Water was not in short supply, but all the deer on the ground I was hunting would hit up a small cattle pond on the edge of a cattail slough. Two poplar trees provided the only chance for a treestand. Every time I sat there I had action.
Look for the water on your hunting ground that deer prefer. Once you find it, set up and get ready. And as an added bonus, you can hunt these spots when the conditions say the deer shouldn't be moving, such as those days when it feels like beach weather and not hunting weather.
I've killed a disproportionate amount of mature bucks on truly hot, miserable days simply because I'm such a fan of hunting water sources. This can be a killer tactic if you hunt public land or heavily pressured private ground.
We tend to only think of deer funnels in terms of the rut. Conventional wisdom says to find a place where the terrain forces deer movement and then wait out a cruising buck. Simple enough, but neglecting funnels for the rest of the season can be a big mistake.
Depending on where you hunt, there may be spots on your ground that force deer movement every single day of the year. This will depend on two things, however. The first involves just how steep your deer hunting spots are. The hillier the better for finding places that force deer movement.
Washouts running perpendicular on a wooded hillside will almost always force traveling deer to take the high route or the low route.
If your deer ground is flat, the best bet for a season-long funnel will involve cover or more specifically, what we think of as a pinch-point. Where the cover necks down, such as where two woodlots are connected by a thin strip of timber, will be a place where the deer choose to walk.
They don't like to leave the cover in daylight, which is especially true with mature bucks from October on, so find that place where they choose to stay in the cover but the cover doesn't amount to much. Those areas are tailor-made for bowhunting.
When you're looking for the best spot in the woods, remember it might not be in the woods at all. In most situations, if there are trees available there will be treestands and concentrated hunting pressure. This doesn't go unnoticed by the local ungulates, and oftentimes they'll relocate to areas where airborne hunters simply don't exist.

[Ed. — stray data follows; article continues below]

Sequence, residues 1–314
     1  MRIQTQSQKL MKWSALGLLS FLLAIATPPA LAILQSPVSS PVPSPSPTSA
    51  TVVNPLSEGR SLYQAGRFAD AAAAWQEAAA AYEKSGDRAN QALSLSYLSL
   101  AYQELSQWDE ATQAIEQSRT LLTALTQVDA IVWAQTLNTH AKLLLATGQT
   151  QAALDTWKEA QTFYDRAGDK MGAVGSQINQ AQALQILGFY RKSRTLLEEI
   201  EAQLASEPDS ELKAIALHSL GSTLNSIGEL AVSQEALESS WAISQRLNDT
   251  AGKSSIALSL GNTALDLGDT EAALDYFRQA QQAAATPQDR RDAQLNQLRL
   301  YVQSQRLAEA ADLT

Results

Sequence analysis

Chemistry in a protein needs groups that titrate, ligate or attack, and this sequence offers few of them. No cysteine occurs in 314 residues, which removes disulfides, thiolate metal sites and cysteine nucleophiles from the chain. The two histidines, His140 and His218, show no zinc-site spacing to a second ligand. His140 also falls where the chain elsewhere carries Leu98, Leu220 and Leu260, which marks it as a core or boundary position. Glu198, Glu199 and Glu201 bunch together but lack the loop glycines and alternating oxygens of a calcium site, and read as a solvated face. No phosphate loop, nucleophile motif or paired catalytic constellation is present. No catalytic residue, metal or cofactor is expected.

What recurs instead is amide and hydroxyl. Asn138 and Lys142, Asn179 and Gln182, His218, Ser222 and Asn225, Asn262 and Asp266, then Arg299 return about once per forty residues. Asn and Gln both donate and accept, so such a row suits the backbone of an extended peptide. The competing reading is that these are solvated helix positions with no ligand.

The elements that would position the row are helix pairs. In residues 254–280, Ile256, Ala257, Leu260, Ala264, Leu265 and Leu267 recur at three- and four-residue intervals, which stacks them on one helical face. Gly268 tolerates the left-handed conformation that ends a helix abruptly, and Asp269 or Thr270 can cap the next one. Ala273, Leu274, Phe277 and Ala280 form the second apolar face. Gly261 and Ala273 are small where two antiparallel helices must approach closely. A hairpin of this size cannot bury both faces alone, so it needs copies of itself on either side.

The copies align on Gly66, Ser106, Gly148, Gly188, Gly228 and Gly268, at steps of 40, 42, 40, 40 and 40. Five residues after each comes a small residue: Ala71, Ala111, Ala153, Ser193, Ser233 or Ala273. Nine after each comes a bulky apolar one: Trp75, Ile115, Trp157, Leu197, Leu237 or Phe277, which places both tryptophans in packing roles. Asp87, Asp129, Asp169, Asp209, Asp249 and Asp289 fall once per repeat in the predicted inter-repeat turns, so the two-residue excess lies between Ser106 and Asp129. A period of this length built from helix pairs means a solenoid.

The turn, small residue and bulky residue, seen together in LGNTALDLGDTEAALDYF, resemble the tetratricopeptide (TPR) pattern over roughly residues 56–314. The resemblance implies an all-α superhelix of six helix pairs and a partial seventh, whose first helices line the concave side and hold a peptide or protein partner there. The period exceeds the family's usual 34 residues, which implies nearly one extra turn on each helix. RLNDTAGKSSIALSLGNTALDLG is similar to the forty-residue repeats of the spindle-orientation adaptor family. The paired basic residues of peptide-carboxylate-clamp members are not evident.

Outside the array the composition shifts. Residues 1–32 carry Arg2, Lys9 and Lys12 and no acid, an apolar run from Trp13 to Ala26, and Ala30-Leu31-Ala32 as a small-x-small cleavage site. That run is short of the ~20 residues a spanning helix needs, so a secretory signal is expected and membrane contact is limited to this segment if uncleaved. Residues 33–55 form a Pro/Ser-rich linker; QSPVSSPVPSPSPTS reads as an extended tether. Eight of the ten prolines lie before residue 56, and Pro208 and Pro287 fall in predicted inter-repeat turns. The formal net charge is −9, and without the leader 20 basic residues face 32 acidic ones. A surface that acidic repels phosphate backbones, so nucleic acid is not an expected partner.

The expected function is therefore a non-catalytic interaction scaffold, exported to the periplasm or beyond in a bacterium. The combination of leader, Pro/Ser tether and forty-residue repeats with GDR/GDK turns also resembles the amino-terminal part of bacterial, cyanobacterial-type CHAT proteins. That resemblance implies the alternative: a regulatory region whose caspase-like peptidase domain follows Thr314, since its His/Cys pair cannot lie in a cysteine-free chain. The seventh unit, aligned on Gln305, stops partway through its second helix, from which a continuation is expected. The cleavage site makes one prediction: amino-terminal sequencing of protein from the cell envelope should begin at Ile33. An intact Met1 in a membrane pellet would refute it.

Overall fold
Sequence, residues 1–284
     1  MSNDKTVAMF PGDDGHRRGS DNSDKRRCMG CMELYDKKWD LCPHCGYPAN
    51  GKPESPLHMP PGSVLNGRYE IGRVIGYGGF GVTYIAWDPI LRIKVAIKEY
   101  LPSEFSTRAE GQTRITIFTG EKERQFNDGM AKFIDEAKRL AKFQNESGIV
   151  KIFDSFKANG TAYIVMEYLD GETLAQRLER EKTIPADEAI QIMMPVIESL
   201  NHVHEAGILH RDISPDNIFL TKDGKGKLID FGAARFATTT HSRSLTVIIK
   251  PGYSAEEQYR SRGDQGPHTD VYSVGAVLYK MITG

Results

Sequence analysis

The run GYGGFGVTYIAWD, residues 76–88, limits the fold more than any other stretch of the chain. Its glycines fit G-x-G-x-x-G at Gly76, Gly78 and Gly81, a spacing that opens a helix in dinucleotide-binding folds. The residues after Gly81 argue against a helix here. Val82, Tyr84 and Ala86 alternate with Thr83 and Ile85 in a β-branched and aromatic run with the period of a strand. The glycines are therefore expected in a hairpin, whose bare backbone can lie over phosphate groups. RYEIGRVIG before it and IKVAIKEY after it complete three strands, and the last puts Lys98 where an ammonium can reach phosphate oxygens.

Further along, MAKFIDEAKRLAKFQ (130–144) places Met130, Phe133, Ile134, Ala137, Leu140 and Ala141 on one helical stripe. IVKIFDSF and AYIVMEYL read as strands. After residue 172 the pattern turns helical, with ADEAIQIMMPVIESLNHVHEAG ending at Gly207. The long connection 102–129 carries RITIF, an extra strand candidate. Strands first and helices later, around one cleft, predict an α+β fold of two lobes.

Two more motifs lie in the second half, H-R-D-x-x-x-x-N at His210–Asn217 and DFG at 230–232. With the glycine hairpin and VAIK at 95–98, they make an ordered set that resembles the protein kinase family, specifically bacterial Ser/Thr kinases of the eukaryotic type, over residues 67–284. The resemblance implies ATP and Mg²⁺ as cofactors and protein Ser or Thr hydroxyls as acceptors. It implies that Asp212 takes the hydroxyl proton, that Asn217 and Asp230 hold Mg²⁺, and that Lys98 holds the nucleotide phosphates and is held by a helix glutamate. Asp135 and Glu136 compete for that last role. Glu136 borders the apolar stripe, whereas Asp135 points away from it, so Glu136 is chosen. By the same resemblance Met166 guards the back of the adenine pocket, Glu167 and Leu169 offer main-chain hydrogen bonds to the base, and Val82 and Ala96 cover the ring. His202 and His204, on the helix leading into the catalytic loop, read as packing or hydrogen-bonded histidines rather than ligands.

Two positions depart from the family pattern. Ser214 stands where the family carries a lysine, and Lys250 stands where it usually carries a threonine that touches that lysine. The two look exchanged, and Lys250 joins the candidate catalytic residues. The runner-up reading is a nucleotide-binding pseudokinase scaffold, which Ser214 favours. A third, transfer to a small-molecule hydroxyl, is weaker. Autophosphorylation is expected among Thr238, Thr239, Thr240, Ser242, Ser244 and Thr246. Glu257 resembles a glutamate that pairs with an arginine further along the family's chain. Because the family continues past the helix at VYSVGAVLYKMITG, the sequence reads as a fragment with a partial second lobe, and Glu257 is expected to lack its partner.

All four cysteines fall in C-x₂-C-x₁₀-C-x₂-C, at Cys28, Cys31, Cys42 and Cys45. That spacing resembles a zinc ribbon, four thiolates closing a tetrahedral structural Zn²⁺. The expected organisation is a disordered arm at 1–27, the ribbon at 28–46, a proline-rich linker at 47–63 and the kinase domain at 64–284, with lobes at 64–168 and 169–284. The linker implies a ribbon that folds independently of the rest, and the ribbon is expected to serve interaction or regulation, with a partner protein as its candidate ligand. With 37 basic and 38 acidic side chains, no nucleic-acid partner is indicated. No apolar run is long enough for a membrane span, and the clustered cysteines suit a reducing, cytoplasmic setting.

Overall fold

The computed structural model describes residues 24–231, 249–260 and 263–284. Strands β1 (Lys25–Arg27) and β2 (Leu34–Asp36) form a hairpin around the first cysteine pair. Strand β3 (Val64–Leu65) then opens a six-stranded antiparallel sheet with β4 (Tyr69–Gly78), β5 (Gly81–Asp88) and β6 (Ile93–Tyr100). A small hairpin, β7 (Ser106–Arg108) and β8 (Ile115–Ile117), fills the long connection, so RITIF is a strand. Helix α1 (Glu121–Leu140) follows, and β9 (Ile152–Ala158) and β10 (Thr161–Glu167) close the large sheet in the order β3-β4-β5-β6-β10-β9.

In my neck of the woods, this means wetlands and sloughs. In yours, that might mean an old homestead with no old-growth trees, or it might mean a giant CRP field that is dotted with plum thickets or patches of sumac. These places are tough to hunt, which is why the deer will be there.
Since there are no suitable trees, the best bet is to set up a ground blind and hunt the bucks at eye level. I've become a much bigger fan of hunting out of pop-up blinds in recent years and it has everything to do with spots such as these.
Get in well before the season and brush your blind in like you mean it. Do whatever you have to in order to ensure your blind looks more like the local foliage than a camo cube sitting in the wide open. It takes deer a while to get used to blinds, but once they do, it's game on.
Since these areas are more open than wooded terrain, entrance and exit routes play a serious role in how good your hunting will be. Plan how to get in and out with meticulous detail, and then follow through with it. Play your cards right and you'll have the deer all to yourself in a place others simply believe can't be hunted. That's a huge benefit that can result in a hefty taxidermy bill.
The Super Spot
So, what if you don't have a couple thousand acres to roam in search of unreal stand and blind locations? I know the feeling, considering a lot of my spots are smaller than 30 acres. In that case, conventional scouting doesn't cut it, and neither does roaming around until a killer spots appears.
In this case, it's up to you to create the best spot out there. To do this, I start with a few simple rules. The first involves the wind, and just how I'll be able to hunt a particular area when it's blowing from specific directions. The next involves the ability to sneak in and out. Without the option to play the prevailing winds and get in undetected, it's no good.
Provided a spot allows for both, it's time to think about natural food. If there are oaks or maybe an apple tree in the area, set up close. If not, or even if so, think about planting a small kill plot. It doesn't need to be anything huge; just a little area cleared out and planted as an added attraction.
If you can legally install a little ornamental pond, go for it. The sky is the limit here, and it's a small-property strategy that can pay off. This type of hunting isn't for everyone, but for hunters locked into tiny parcels it can be a great option that results season-long deer activity — provided you're cognizant of just how much pressure you put on the specific spot.
Somewhere out there is a great spot waiting for your stand or blind. It'll produce quality action when other areas are deer ghost towns, but it will also require your A-game. Don't expect to be sloppy in your efforts and maintain the pulse-pounding action you're hoping to have during every sit. Do your part, and nature will do the rest.